820 F2d 1220 United States v. Lindh

820 F.2d 1220
Unpublished Disposition

UNITED STATES of America, Plaintiff-Appellee,
Dorrance LINDH, Defendant-Appellant.
UNITED STATES of America, Plaintiff-Appellee,
Gary A. MEINHARD, Defendant-Appellant.

Nos. 86-5053, 86-5560.

United States Court of Appeals, Fourth Circuit.

Argued Nov. 14, 1986.
Decided June 9, 1987.

NOTICE: Fourth Circuit I.O.P. 36.6 states that citation of unpublished dispositions is disfavored except for establishing res judicata, estoppel, or the law of the case and requires service of copies of cited unpublished dispositions of the Fourth Circuit.

Before SPROUSE and WILKINSON, Circuit Judges, and HAYNSWORTH, Senior Circuit Judge.

Brian Knox Miller; Larry A. Pochucha (Smith & Pochucha, on brief), for appellants.

Kent S. Robinson (Henry E. Hudson, United States Attorney); N.G. Metcalf, Assistant United States Attorney, on brief), for appellee.


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Dorrance Lindh and Gary A. Meinhard were convicted of conspiracy to file false claims for federal income tax refunds in violation of 18 U.S.C. Sec. 286. On appeal, they contend that the evidence is insufficient to support the verdicts of guilt.


We affirm.



Nine false income tax returns were received by the Internal Revenue Service at the Memphis Service Center. Each of them bore the name, with some variations, of one of five prisoners in the Brunswick Correctional Center in Lawrenceville, Virginia. On each return, the refund requested exceeded $2,000 except the refund claimed on Meinhard's return of $1,700.02. The returns were accompanied by false W-2 forms showing Best Products, Inc. as the employer.


The IRS recognized the falsity of the returns. One of its special agents caused refund checks to be issued and delivered to an officer with the Brunswick Correctional Center. Upon instructions, that officer delivered each check to the payee, but received the check back after the payee had endorsed it ostensibly for deposit into his prison trust account. That same afternoon, Lindh requested disbursement of $1,500 to Shirley Searfoss for purchases of a color television set and other personal articles. Other of the payees also requested disbursements from their trust accounts.


A handwriting expert offered as a witness by the prosecution testified that all of the returns were prepared by Billy Kelly and that all of the W-2 forms, except Lindh's, were typed on the same typewriter in the prison library. The handwriting expert was unable to say, however, that the signature on each of the returns was that of its purported filer.


The defendants presented no evidence. Lindh and Meinhard, the only ones before us on this appeal, were acquitted by the jury on the charge of filing a false federal tax refund claim, but were found guilty of conspiring to file such false claims.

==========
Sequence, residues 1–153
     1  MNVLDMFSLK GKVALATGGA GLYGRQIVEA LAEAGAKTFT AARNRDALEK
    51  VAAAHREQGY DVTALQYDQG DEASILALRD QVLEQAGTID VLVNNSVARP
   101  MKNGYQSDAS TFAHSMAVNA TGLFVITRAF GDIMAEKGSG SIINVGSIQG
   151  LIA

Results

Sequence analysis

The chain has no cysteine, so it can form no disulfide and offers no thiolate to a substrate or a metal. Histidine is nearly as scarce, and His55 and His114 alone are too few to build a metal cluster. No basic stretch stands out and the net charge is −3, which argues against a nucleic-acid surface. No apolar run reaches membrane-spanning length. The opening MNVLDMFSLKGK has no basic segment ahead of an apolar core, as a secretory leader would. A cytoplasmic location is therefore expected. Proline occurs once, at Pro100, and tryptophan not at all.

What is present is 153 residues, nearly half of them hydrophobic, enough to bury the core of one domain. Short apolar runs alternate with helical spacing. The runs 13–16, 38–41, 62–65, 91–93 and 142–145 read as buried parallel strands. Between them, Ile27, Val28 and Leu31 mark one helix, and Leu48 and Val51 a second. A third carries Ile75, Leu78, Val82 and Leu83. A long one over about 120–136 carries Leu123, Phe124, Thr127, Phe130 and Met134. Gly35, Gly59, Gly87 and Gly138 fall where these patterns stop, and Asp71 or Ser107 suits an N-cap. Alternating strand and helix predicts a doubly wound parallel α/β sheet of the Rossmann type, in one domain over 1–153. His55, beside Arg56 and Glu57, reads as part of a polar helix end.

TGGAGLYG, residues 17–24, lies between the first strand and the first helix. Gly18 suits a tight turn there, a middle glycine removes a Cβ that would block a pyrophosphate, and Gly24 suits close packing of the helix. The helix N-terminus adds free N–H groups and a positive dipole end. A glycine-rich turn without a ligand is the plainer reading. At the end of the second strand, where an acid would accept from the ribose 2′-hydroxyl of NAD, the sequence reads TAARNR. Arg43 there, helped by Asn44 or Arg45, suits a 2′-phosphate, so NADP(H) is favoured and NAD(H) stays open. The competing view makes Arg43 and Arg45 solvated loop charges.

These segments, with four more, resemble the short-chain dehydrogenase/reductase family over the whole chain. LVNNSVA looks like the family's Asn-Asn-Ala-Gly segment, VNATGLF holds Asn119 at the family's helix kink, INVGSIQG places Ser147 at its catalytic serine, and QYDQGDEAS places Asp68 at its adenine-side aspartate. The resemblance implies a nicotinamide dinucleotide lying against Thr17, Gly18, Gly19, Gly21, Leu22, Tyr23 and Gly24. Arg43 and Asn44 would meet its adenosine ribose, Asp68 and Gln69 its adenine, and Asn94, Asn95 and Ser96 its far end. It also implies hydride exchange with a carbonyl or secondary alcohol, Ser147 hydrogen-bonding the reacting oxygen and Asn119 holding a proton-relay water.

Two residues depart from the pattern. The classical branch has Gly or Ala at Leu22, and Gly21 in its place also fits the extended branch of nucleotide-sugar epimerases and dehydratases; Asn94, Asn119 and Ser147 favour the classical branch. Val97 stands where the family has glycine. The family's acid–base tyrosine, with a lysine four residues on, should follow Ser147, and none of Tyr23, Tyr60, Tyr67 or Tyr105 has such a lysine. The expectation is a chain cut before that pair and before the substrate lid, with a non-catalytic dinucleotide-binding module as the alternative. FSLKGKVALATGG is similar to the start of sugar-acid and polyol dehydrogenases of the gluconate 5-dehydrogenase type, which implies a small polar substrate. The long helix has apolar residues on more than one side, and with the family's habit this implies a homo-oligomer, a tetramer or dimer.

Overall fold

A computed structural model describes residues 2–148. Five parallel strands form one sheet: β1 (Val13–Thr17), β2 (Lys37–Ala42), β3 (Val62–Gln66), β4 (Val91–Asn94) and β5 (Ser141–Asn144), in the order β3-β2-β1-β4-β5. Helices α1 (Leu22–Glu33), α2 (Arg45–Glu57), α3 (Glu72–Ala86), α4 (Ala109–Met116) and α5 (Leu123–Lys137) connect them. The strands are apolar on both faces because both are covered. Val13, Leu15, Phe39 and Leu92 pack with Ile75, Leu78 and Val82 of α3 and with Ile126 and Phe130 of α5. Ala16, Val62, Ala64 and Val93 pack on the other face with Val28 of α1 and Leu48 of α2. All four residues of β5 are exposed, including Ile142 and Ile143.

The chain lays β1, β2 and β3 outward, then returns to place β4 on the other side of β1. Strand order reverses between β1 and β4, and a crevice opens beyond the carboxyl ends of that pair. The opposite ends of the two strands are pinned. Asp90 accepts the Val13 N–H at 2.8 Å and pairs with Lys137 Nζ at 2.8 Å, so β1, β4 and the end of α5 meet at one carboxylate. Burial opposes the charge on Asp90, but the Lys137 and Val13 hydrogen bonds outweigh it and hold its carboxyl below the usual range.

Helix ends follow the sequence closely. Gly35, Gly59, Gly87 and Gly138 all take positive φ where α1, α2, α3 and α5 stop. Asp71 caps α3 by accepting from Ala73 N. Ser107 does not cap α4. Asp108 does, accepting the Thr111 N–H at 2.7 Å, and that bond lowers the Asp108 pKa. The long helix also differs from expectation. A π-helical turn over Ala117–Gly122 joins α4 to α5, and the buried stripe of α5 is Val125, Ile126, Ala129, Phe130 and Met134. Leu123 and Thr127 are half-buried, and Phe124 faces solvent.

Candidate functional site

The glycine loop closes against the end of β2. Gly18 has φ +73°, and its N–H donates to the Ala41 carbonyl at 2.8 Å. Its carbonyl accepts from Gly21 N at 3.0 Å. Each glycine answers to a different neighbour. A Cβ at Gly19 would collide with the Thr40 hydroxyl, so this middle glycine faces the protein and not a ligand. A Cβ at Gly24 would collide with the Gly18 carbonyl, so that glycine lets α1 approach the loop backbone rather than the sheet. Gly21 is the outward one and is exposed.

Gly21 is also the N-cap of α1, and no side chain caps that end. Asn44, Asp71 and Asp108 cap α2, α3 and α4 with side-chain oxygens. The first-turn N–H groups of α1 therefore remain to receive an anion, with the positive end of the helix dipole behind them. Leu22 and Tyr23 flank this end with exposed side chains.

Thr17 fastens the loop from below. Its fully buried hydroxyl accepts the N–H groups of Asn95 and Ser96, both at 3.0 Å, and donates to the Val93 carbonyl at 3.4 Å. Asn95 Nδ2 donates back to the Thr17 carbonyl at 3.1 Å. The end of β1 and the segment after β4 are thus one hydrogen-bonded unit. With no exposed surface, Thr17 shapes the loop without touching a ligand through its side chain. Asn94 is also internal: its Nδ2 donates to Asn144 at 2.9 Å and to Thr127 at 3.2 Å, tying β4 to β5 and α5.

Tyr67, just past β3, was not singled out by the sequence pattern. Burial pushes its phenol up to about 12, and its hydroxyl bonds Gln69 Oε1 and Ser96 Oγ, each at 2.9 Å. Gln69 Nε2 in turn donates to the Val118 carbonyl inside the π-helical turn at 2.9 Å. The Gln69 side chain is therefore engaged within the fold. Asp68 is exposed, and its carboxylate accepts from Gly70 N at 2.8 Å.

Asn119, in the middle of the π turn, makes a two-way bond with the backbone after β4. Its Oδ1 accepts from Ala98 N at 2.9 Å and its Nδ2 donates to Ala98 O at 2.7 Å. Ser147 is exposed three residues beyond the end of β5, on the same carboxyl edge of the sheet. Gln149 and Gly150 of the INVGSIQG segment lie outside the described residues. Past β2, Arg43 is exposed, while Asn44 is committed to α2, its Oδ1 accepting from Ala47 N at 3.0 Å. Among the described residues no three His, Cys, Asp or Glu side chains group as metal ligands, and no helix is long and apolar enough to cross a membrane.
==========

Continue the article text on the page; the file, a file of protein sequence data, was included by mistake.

Lindh and Meinhard contest the sufficiency of the evidence to support the conviction of conspiracy, pointing to the absence of direct evidence of a conspiracy agreement. They suggest that Kelly could have prepared, signed and filed the false refund claims without their participation or knowledge. Their contention is unpersuasive.

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Under 26 U.S.C. Sec. 6064, the fact that a person's name is signed to a return is prima facie evidence that the return was actually signed by that individual. Lindh's name was signed to his return and Meinhard's to his. Neither made any attempt to rebut the statutory presumption.


Moreover, each readily accepted and endorsed the refund check. They suggest that, in the tight security of a prison environment, their endorsements were not truly voluntary, but it is difficult to see how the prison environment would coerce an inmate to avoid disclaimer of funds to which he knew he was not entitled. The readiness with which Lindh and others sought disbursements from their trust accounts strongly suggests that refunds were eagerly received.


The essence of the defendant's contention on appeal is that an inference of innocence is more readily drawn from the circumstantial evidence than an inference of guilt. That is not a question for determination by an appellate court, however. It was for the jury to determine which inference should be drawn from the evidence. Our duty is to uphold the verdict if the evidence, viewed in the light most favorable to the prosecution, reasonably supports the verdict.


There is adequate support for the verdict. The unrebutted presumption that Lindh and Meinhard each signed refund claim forms, coupled with the evidence that each accepted and endorsed the refund check warranted the jury's finding that each was a participant in the conspiracy to file the false tax refund claims.